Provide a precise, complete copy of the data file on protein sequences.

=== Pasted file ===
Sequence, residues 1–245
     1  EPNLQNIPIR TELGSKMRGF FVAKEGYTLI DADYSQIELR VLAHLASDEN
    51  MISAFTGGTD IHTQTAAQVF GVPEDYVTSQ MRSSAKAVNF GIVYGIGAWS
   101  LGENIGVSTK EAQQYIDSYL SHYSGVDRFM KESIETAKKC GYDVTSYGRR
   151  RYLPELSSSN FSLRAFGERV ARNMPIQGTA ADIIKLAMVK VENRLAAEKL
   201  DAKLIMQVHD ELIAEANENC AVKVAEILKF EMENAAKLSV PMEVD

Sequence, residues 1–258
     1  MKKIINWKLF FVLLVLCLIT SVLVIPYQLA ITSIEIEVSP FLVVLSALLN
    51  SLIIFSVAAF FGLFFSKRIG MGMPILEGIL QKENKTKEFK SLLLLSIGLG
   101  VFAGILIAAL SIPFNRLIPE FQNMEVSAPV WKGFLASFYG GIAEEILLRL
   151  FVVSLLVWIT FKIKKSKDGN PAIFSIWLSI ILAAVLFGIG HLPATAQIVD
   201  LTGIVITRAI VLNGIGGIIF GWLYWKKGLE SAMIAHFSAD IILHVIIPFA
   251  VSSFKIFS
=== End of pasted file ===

Sequence, residues 1–245
     1  EPNLQNIPIR TELGSKMRGF FVAKEGYTLI DADYSQIELR VLAHLASDEN
    51  MISAFTGGTD IHTQTAAQVF GVPEDYVTSQ MRSSAKAVNF GIVYGIGAWS
   101  LGENIGVSTK EAQQYIDSYL SHYSGVDRFM KESIETAKKC GYDVTSYGRR
   151  RYLPELSSSN FSLRAFGERV ARNMPIQGTA ADIIKLAMVK VENRLAAEKL
   201  DAKLIMQVHD ELIAEANENC AVKVAEILKF EMENAAKLSV PMEVD

Sequence, residues 1–258
     1  MKKIINWKLF FVLLVLCLIT SVLVIPYQLA ITSIEIEVSP FLVVLSALLN
    51  SLIIFSVAAF FGLFFSKRIG MGMPILEGIL QKENKTKEFK SLLLLSIGLG
   101  VFAGILIAAL SIPFNRLIPE FQNMEVSAPV WKGFLASFYG GIAEEILLRL
   151  FVVSLLVWIT FKIKKSKDGN PAIFSIWLSI ILAAVLFGIG HLPATAQIVD
   201  LTGIVITRAI VLNGIGGIIF GWLYWKKGLE SAMIAHFSAD IILHVIIPFA
   251  VSSFKIFS